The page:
Taking the reins last week in the first open FERC meeting since President Obama tapped him to serve as chairman, Jon Wellinghoff listed his priorities, a number of staff changes within the Commission and also announced the formation of an office to tackle new challenges and issues while evolving the decision-making process.
Wellinghoff said his priorities as chairman of the Federal Energy Regulatory Commission (FERC) are to build upon the Commission's reputation as an agency that is efficient and timely in its decision-making, respected for its technical and legal expertise and recognized for the leadership it brings to energy issues.
"Toward that end, we will maintain our commitment to four fundamental Commission responsibilities: developing needed energy infrastructure, fostering competitive energy markets that produce just and reasonable rates, overseeing reliability standards, and effectively enforcing both market and reliability rules," he said during Thursday's meeting.
Since joining the Commission in 2006, Wellinghoff said he has emphasized action on issues that the Commission "has only recently begun to pursue aggressively." Those issues include:
While applauding the work of former chairman Joseph Kelliher and the rest of the commissioners, Wellinghoff noted that there is more work to be done. "We are at a critical juncture in the development of our nation's energy policies. Our existing infrastructure too often is inefficient and will not be capable of meeting our nation's future energy needs and challenges. We must develop the technologically vibrant systems that our nation's consumers deserve," he said.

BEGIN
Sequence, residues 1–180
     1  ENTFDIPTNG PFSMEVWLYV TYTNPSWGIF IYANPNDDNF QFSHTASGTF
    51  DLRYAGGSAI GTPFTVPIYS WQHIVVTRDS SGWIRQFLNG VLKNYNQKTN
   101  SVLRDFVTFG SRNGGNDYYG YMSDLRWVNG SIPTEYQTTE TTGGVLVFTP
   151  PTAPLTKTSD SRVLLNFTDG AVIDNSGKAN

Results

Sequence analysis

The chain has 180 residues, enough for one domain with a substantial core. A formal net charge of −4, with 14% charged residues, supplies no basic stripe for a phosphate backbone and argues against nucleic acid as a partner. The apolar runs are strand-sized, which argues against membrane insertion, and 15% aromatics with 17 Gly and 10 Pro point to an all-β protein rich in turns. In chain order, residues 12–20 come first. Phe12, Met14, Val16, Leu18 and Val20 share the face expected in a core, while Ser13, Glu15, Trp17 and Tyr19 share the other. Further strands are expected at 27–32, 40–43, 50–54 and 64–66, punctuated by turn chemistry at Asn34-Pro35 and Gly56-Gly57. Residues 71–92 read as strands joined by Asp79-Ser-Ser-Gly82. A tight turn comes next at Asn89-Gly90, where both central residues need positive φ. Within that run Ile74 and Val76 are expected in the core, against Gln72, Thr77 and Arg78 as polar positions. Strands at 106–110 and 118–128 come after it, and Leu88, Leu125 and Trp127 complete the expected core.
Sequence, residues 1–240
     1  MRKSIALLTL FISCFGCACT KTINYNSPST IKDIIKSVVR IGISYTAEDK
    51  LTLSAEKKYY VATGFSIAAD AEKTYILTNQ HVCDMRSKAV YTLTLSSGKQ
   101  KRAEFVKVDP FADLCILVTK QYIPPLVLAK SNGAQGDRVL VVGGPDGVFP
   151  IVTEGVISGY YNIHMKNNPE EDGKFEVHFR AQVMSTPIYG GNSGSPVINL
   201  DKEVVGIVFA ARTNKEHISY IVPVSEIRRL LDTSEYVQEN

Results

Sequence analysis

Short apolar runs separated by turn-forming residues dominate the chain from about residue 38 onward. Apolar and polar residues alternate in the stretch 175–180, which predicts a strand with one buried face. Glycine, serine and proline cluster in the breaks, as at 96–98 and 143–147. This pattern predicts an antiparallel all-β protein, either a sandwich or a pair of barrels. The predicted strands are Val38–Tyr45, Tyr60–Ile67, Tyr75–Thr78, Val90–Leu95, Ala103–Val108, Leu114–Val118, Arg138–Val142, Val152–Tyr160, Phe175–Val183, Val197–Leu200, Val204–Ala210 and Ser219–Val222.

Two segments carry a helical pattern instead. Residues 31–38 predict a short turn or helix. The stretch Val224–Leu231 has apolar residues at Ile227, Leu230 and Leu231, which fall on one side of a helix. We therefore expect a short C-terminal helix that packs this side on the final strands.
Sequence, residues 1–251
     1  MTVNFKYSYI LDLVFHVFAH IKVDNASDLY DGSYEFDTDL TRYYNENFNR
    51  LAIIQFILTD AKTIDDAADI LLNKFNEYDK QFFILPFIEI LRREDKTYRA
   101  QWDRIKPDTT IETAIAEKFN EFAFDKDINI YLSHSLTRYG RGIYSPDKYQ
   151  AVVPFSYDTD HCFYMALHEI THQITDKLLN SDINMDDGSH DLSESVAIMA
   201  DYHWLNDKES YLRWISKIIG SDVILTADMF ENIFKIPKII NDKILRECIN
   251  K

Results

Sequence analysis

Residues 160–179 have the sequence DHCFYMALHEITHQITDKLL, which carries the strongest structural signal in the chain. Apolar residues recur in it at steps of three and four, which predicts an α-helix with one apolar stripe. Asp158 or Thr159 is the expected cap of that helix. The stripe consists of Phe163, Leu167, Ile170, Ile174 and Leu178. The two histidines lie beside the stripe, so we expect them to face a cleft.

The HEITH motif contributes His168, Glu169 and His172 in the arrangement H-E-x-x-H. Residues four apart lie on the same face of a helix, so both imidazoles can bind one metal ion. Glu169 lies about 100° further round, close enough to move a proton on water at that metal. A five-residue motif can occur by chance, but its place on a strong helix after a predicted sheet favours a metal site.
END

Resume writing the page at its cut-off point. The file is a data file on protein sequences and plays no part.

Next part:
"In addition, the intersection between environmental policy and energy policy is becoming increasingly important. Indeed, issues surrounding climate change, renewable resources, energy efficiency, and developing a smart grid are emerging as drivers for energy policy. These same issues are front and center in the emerging energy policies of the new administration and are also the subject of a number of legislative initiatives currently being considered on Capitol Hill."
To address the current issues and challenges, Wellinghoff said he has created the Office of Energy Policy and Innovation, which will be looking for ways to encourage and incorporate new ideas and fresh approaches into the Commission's decision-making process.
The new office, which begins operation on May 4, will be headed by Jamie Simler, who has 23 years of experience in the energy industry and has been the deputy director of the Office of Energy Market Regulation (OEMR) since 2005.
Wellinghoff also announced the retirement of Shelton Cannon, who has served the Commission for 29 years, most recently as the director of the OEMR.
With Cannon's retirement, Mike McLaughlin will become the director of OEMR. McLaughlin has 25 years of experience at the Commission, most recently as deputy director of the Office of Electric Reliability. Cochrane will become the deputy director of OEMR. She has 25 years of experience in the energy industry and has worked both in the private sector and at the Commission. Since 2006, Cochrane has been deputy director of the Office of Enforcement.
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